Tuesday, 1 September 2020

REVIEW: Sleepless: A Musical Romance at the Troubadour Wembley Park Theatre


Based on the original screenplay ‘Sleepless in Seattle, a film I have not seen (don’t come for me), this musical adaptation just doesn’t work. We have no need for it in our modern-day society. This may be an ok story to switch on in an evening whilst cooking dinner but as a theatrical experience in 2020, it just doesn’t do anything for us. The romance of the story is lost completely in the production and it doesn’t allow us to escape from our reality enough to forgive that. 

Michael Burdette (Book Writer), Robert Scott (Composer) and Brendan Cull (Lyrics) are the creative team behind the piece, unfortunately, this particular show just doesn’t click into place. The comedy and romance is missed and the music just doesn’t do what we need it to do.  

This show doesn’t have a style, it’s not sure if it’s in the modern era of music with a pop theme, if it’s a more classical musical theatre sound or a Sondheim feel in the score. It's confusing and unfortunately none of it is memorable. Most shows have at least one or two numbers that are staples and you remember walking out of the theatre but this one doesn’t have that, the songs just all mix together into one.  

The design of the show is very innovative, the revolve and the architect and boat theme in the set was very clever. I’m amazed at how big this houseboat was but none the less it was pleasing to the eye. Where this falls short however is the way it is staged; the set comes out like a triangle however the seating banks are still in a traditional end on form, which means that actually, we feel so much further away from the action. It’s almost as if it’s a touring show that has landed in a venue that was booked by mistake. 

In terms of how the venue is with dealing with the safety of their patrons, it succeeds somewhat. At no point did it feel too crowded or out of control and all staff are protected with masks and visors. I’m a little baffled however how this venue can seat people so close (no one was in my row but people were sat behind us, though not directly but sat adjacent in the seats behind) whereas at Regents Park (where the concert version of Jesus Christ Superstar is currently playing) they are having people at least one row away from each other. I’m not entirely sure on the guidance the government has given out, is anyone really? But comparing the two is a little confusing in the logic behind it.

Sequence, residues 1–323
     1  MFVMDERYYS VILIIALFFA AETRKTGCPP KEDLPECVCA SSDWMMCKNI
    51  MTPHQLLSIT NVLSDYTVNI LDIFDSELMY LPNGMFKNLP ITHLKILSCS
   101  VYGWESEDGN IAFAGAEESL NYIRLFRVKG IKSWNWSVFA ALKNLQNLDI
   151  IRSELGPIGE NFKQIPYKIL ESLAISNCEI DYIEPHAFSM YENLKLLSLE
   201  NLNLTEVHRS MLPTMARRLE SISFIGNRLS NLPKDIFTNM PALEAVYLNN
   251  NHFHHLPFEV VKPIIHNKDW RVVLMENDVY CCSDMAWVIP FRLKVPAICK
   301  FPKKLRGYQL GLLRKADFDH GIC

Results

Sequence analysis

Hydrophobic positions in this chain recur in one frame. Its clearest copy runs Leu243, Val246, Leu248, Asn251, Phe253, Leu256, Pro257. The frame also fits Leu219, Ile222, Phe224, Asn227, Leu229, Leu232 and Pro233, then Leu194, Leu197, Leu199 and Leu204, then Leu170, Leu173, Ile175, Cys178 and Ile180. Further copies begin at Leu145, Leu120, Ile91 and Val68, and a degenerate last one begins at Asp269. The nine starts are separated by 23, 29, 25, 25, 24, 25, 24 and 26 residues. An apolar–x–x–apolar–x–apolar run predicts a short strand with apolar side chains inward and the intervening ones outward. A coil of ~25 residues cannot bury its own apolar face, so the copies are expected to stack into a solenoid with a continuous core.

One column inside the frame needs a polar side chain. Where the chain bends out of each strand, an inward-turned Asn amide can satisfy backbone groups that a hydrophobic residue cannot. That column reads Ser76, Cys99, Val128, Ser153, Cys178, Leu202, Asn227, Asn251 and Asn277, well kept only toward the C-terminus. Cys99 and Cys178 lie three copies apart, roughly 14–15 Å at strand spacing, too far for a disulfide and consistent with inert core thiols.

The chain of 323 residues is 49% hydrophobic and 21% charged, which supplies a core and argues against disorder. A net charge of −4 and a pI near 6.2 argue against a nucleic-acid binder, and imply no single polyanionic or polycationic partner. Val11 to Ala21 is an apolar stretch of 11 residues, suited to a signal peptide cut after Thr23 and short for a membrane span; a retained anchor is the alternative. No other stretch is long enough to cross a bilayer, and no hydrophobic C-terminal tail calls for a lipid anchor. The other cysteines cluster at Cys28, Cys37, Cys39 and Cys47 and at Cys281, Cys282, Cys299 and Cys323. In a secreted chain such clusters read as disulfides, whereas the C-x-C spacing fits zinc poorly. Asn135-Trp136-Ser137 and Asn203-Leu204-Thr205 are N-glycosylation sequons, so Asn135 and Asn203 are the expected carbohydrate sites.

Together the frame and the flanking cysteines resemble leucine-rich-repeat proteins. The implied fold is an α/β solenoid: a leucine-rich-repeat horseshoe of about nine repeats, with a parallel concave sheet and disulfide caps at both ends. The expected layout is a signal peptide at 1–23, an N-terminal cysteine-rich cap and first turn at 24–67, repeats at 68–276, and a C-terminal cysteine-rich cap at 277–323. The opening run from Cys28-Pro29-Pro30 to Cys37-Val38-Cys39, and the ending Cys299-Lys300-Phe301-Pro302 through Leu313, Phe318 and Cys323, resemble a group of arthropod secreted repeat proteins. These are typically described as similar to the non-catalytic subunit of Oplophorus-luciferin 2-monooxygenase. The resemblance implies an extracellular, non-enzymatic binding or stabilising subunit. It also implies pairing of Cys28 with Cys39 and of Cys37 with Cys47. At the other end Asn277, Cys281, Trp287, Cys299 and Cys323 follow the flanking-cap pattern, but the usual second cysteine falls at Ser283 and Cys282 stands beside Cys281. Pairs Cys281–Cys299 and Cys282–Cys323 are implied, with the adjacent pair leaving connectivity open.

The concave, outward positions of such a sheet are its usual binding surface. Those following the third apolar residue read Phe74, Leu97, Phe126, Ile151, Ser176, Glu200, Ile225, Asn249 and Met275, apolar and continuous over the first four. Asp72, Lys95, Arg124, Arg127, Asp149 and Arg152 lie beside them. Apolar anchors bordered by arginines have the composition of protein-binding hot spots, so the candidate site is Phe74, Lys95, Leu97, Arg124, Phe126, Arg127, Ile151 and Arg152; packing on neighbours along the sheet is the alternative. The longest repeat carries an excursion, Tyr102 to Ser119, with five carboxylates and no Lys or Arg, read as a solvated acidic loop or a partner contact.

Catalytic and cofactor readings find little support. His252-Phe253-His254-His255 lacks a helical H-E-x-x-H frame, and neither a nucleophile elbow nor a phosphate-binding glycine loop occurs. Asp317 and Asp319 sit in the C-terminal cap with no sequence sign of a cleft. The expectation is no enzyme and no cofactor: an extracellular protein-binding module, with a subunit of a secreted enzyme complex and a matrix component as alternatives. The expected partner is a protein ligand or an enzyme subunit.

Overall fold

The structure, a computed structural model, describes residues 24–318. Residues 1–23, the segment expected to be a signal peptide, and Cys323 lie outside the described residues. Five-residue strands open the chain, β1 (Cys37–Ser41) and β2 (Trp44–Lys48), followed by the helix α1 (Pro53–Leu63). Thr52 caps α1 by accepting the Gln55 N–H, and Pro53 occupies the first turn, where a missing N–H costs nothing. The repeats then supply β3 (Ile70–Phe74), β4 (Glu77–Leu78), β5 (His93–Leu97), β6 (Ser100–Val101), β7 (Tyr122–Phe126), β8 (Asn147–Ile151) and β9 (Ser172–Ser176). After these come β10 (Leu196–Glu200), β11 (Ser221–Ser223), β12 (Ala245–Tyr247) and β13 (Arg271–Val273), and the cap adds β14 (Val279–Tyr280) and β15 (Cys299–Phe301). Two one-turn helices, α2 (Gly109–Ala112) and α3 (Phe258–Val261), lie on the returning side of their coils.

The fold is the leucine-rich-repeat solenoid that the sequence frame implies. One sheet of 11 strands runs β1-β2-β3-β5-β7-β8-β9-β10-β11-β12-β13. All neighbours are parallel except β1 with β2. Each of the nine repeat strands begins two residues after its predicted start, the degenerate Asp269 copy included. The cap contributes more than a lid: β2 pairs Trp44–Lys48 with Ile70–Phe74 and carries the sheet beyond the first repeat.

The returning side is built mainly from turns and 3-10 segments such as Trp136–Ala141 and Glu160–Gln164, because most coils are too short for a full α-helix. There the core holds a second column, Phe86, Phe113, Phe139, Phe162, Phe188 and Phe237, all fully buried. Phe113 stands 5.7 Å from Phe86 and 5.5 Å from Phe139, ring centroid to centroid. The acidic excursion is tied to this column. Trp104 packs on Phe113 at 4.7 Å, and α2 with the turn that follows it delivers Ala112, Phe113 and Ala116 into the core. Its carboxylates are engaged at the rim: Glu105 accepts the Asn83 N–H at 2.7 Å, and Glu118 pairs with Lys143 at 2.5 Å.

Kimberley Walsh and Jay McGuiness star in the show as Annie and Sam, the pair don’t seem to have much chemistry on stage. This may sound silly as they don’t meet until *SPOILER* the end of the piece but there seems to be no longing for each other during the production or any magnetic attraction that brings the two together. As accomplished musical theatre performers with leading roles in numerous musicals across the UK and the West End, I also expected a much higher level of ability. The acting wasn’t very believable. Many comic moments were missed and any heartwarming moments were just washed amongst every other emotion that was appearing throughout. The story between the two was lost and they were outshone by their colleagues. Vocally, Walsh, unfortunately, couldn’t match up to what the score asked from her, leaving quite a few solo numbers feeling very underwhelming. 

At this performance the role of Jonah was played by Jobe Hart, this young man was the star of the show. His ability blew his fellow performers off the stage. With a CV bigger than some of the adults in the cast, this one is certainly one to watch. 

Cory English is one of the most brilliant comic musical theatre actors I have had the pleasure of witnessing, his performance in The Producers was just groundbreaking. In this show, he does his best with the material and himself and Hart get the biggest round of applause after a fantastic number together. 

Harriet Thorpe, blink and you’ll miss her. An underused talent in a part that didn’t have an effect on the plot. 

The absolute highlight of the show was a trio number that I believe is called ‘Dear Sleepless’, with Charlie Bull, Leanne Garretty and Dominique Planter. This was the best song in the show and the performances from these ladies stole the entire of the first act.

The rest of the ensemble, whilst talented, felt completely useless. They were used as a scene change filler and often, at times, got in the way of the plot at no fault of their own, this was a directional issue. 

Another highlight was Charlie Bull as Victoria, one of the only people in the show to get a genuine laugh from the audience. Also showing she’s a very versatile performer as she played numerous characters throughout, if I didn’t have a programme I wouldn’t have known it was all played by one actor. 

This musical unfortunately doesn't hit the mark, in a time where we need theatre and with it being one of the few shows that are running at the moment its a disappointment. Maybe if you’re a fan of the film this may be a hit, but for me, it was dull and uninspiring. 

Review by Mark Swale 

Rating: ★★ 

Seat: E11 | Price of Ticket: £45
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